Weakness: The tackles. Oregon State is going to be thin and unproven inside, a major concern in a league with a lot of good running games. The Beavers ranked third in the Pac-12 against the run a year ago, but that's not going to be duplicated in 2013. Instead, OSU might be prone to repeating its 2011 performance, when it yielded 4.8 yards per carry.
Outlook: The D-line glass is half-full … or half-empty, depending upon where one sits. The Beavers should have few problems cranking up the pass rush, as Crichton and Wynn continue to hold regular meetings in opposing backfields. However, the situation at tackle is precarious. Oregon State is about to lean on a couple of junior college transfers who've yet to play a down of football at this level.
Third-year starter—and captain— Michael Doctor has one final year of eligibility to anchor the Oregon State linebackers from his weakside position. He's been a steady force in Corvallis since arriving from Tulsa, leading the 2012 team with a Beaver-best 83 stops, 11 tackles for loss and five passes defended. While not very big at only 6-0 and 225 pounds, Doctor relies on his speed, range and tenacity to make his presence felt from sideline-to-sideline. One of the emotional catalysts of the D, he's a safe bet to once again pace the squad in tackles, and contend for all-league honors.
Flanking Doctor on the outside will be the starter, junior D.J. Alexander, who was known as D.J. Welch in the first two years of his career. The 6-2, 228-pounder possesses terrific range and athleticism, and has a little better size than Doctor. Among the linebackers, he's one of the more consistent pass defenders. Alexander started all but two games last season, finishing with 58 tackles, seven stops for loss and 1.5 sacks.
Someone needs to replace Feti ‘Unga and help fill the gaping hole in the middle of the second unit; that someone appears to be sophomore Joel Skotte, the leader entering summer. The 6-2, 232-pounder is a little smaller than the typical Oregon State inside linebacker, but he's compensating by quickly attacking running and fluidly dropping back in coverage. Skotte is the guy to beat, but he'll still need to hold off 6-1, 232-pound junior Josh Williams this summer. Although Williams doesn't move as well, his build and lower body strength are better fits to stuff the run.
Watch Out For .... Skotte to maintain his spot atop the depth chart, but Williams to earn considerable snaps throughout the season. The inside guys appear to be similarly-sized on paper, but they bring something very different to the defense. A quasi-committee might be required to fill the shoes of Unga this fall.
Strength: Range and coverage skills. The Beavers continue to makes it a priority to recruit and sign undersized linebackers, who can fly to the ball and make plays as pass defenders. This collection of defenders, especially Doctor and Alexander, qualifies, with a coterie of manic athletes, who'll travel the length of the field in order to make a stop, tip a pass or dislodge the ball.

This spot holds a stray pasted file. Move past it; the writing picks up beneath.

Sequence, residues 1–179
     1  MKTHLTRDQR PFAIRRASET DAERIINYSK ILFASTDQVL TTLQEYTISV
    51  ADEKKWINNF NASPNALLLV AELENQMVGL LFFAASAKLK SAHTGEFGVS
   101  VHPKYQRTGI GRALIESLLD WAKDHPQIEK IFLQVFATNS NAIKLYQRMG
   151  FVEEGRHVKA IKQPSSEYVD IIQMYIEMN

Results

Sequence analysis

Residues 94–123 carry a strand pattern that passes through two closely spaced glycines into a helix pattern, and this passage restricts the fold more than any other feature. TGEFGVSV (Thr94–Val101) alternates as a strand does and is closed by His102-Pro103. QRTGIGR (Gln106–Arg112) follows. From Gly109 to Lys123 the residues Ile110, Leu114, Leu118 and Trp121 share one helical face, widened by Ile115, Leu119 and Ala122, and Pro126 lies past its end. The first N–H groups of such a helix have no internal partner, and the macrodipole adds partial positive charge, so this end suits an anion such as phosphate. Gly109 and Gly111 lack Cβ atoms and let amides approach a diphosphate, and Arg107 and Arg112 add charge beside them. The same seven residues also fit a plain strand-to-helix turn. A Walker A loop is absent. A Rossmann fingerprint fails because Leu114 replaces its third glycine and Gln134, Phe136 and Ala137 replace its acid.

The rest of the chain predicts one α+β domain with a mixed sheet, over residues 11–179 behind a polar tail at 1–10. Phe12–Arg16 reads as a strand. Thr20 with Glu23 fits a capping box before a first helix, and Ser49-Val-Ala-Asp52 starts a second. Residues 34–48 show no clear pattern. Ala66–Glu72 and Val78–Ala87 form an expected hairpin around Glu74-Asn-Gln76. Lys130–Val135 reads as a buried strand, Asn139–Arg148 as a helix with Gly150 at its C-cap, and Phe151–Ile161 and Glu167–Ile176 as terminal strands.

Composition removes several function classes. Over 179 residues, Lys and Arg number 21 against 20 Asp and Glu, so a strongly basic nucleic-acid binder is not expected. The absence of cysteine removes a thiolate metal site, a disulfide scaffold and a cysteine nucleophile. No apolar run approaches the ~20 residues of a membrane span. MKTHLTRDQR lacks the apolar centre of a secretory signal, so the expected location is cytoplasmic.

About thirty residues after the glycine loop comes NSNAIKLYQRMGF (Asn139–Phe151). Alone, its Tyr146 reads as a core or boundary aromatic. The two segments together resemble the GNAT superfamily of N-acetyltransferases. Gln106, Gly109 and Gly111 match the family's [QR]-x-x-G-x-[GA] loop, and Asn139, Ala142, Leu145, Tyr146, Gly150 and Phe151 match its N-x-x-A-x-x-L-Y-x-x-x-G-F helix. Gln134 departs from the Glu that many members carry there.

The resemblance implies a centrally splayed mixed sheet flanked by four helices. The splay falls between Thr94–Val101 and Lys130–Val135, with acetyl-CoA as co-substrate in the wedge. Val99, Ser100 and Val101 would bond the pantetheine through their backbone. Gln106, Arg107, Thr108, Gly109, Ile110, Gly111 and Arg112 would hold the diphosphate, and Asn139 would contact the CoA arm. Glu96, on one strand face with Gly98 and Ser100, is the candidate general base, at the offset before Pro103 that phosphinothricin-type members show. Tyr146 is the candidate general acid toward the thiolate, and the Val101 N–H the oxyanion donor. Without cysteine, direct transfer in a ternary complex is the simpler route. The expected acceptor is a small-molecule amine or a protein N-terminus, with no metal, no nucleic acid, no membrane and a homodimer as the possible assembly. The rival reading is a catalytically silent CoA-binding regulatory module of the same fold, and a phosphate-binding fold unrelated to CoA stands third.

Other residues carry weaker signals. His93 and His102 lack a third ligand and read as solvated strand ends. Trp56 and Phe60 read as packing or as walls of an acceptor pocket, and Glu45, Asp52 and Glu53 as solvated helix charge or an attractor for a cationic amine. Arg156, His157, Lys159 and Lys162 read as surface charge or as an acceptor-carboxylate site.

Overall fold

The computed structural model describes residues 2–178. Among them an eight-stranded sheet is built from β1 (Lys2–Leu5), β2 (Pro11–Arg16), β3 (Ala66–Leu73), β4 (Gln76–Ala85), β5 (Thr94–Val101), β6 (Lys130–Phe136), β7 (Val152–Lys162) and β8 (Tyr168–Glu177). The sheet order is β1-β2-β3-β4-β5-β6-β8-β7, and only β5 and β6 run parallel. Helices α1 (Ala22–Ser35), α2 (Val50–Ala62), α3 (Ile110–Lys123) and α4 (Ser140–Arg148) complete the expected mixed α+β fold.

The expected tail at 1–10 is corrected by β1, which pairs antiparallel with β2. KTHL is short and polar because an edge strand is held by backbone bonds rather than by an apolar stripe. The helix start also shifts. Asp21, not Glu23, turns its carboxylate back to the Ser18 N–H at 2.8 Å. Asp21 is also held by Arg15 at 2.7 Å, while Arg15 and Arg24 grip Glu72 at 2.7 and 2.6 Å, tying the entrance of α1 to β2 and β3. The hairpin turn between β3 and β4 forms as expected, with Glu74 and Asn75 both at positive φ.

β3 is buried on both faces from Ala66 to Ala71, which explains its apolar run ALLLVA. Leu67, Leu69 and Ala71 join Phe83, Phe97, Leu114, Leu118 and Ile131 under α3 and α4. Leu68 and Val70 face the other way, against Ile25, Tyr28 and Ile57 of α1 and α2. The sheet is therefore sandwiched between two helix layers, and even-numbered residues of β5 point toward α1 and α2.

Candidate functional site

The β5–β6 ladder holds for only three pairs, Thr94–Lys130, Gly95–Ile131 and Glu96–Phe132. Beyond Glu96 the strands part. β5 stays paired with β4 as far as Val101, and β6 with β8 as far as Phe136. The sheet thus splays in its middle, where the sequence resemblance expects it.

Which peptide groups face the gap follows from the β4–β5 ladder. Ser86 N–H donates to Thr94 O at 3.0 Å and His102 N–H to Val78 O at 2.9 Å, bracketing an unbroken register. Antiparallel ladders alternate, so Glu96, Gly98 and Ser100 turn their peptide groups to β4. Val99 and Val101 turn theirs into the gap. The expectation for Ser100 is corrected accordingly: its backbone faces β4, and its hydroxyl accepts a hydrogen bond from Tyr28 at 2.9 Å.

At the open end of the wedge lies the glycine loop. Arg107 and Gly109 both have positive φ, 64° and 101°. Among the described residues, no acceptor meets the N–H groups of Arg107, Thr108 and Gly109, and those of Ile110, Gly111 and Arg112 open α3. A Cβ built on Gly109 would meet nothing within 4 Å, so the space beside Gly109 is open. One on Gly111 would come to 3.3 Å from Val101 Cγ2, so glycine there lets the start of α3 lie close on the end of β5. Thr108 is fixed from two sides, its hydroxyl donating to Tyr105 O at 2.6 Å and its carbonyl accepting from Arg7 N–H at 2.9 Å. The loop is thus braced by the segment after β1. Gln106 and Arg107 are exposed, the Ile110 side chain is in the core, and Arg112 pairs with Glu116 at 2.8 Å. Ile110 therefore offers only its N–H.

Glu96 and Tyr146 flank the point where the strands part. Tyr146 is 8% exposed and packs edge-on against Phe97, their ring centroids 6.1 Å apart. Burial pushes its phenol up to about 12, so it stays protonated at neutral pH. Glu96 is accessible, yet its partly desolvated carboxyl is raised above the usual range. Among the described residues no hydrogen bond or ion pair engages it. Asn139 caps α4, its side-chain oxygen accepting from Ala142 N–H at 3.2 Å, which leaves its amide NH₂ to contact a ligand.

Weakness: The middle. Unga was a rock in Corvallis who'd racked up 155 tackles over the last two seasons. He'll be missed, especially since a couple of unproven players were left in his wake. The Beavers already have concerns about the interior of their D at defensive tackle, so a new middle linebacker will only further entice opposing teams to run the ball right up the gut.
Outlook: The linebackers are almost a mirror image of the D-line, terrific on the outside, yet tenuous on the inside. Alexander and especially Doctor are dynamic playmakers who'll make their presence felt all over the field; Doctor's All-Pac-12 dry spell is about to come to an end this season. However, this group will be judged on how well it stuffs running lanes and how quickly it can develop a new starter in the middle.
Three starters are back in the fold, but elite CB Jordan Poyer isn't one of them. It shapes up as a very important year for senior CB Rashaad Reynolds, who's about to become the central figure of a secondary that played rather well a year ago. The 5-11, 186-pounder grew in his second season as the starter, finishing second on the team with 75 tackles, picking off three passes and leading the way with 16 passes defended. Heck, he was even recognized as honorable mention All-Pac-12. But how will he react now that Poyer is no longer around to neutralize the other team's best receiver? If Reynolds succeeds, his NFL prospects will improve immeasurably.
The other cornerback opening, the one left by Poyer, will require more time to determine a starter. Senior Sean Martin and junior Steven Nelson. The 6-0, 185-pound Martin started three games, and clearly has the edge in experience. He's a talented all-around cover corner, with the speed and the long arms to hold up well in pass coverage. A year ago, he made 43 tackles and two interceptions. Nelson is a tad shorter at 5-10 and 191 pounds, coming by way of the College of the Sequoias (Calif.). While he has all of the athletic skills needed to hold up in the Pac-12, it remains to be seen if one spring and summer session will be enough to get him comfortable with the defensive scheme.